This study regards the gathering of oral histories of silk industry stakeholders in the south-Indian state of Karnataka - in terms of the acquisition, ownership, and divestment of gold jewelry - as a way of tracking assets and debts and attaining an understanding of intersections between debt-based labor arrangements and the impact of financial inclusion policies in the sector. In addition to being fundamentally linked to debt and stocks of wealth, gold also serves as a monetary marker that will be used to locate and track memories of financial situations and financial behavior over time. We seek to acquire knowledge pertaining to modulating debt-based labor arrangements in the sector. In particular this study seeks to locate the ways in which such labor arrangements have been reinforced or reconfigured following the implementation of economic liberalization policies. The intention is to understand how larger trends of genderization, and gendered financial inclusion policies, pursued through self-help groups (SHGs) and commercial microfinance, have impacted links between social hierarchies and workforce vulnerabilities.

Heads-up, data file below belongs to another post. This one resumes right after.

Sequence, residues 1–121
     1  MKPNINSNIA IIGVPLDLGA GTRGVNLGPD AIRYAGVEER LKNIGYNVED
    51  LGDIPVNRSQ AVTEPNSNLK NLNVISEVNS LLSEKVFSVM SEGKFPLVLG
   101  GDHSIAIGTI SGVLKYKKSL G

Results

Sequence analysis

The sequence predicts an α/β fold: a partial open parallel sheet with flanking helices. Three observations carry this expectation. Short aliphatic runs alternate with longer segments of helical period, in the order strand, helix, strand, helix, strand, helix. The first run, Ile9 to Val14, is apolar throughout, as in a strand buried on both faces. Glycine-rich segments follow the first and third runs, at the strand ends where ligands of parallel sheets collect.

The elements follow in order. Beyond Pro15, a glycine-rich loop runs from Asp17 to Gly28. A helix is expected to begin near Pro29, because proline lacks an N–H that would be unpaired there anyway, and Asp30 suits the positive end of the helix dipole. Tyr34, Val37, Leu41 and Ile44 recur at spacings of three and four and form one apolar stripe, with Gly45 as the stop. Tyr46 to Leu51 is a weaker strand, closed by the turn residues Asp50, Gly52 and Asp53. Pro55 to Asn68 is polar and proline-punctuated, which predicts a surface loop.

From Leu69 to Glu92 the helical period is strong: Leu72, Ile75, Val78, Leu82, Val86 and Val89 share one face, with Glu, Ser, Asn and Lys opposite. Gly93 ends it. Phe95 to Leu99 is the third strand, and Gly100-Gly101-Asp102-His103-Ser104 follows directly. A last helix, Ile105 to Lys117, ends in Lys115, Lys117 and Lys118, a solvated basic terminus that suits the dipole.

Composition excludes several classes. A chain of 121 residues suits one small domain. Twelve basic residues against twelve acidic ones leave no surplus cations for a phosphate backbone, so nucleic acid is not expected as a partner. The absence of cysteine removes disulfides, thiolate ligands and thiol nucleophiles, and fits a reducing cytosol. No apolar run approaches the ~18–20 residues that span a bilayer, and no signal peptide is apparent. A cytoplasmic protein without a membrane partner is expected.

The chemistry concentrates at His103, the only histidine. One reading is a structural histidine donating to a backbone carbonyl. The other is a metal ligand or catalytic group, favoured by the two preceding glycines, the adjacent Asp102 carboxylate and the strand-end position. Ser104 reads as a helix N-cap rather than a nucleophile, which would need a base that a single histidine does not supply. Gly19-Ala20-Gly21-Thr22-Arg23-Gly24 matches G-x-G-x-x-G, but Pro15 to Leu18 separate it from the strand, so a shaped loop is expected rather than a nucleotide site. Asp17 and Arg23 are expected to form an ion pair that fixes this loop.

About the Researcher(s)
Nithya Joseph is studying the politics of production and reproduction across the silk industry in Karnataka, India. This work is guided by research on debt-based labor and microfinance. Nithya has read for the M.Sc. in Contemporary India (2010) at the School of Interdisciplinary Area Studies, University of Oxford, and facilitated research methods learning labs and writing workshops at the Srishti College of Art, Design, and Technology in Bangalore.
Link to Nithya Joseph's Final Report Gold-based Spectrums in a South Indian Silk Producing Hub: Relating continuums of accumulation, vulnerability, and wellbeing
Link to blogpost, "Silk Workers and Gold in Karnataka with Nithya Joseph"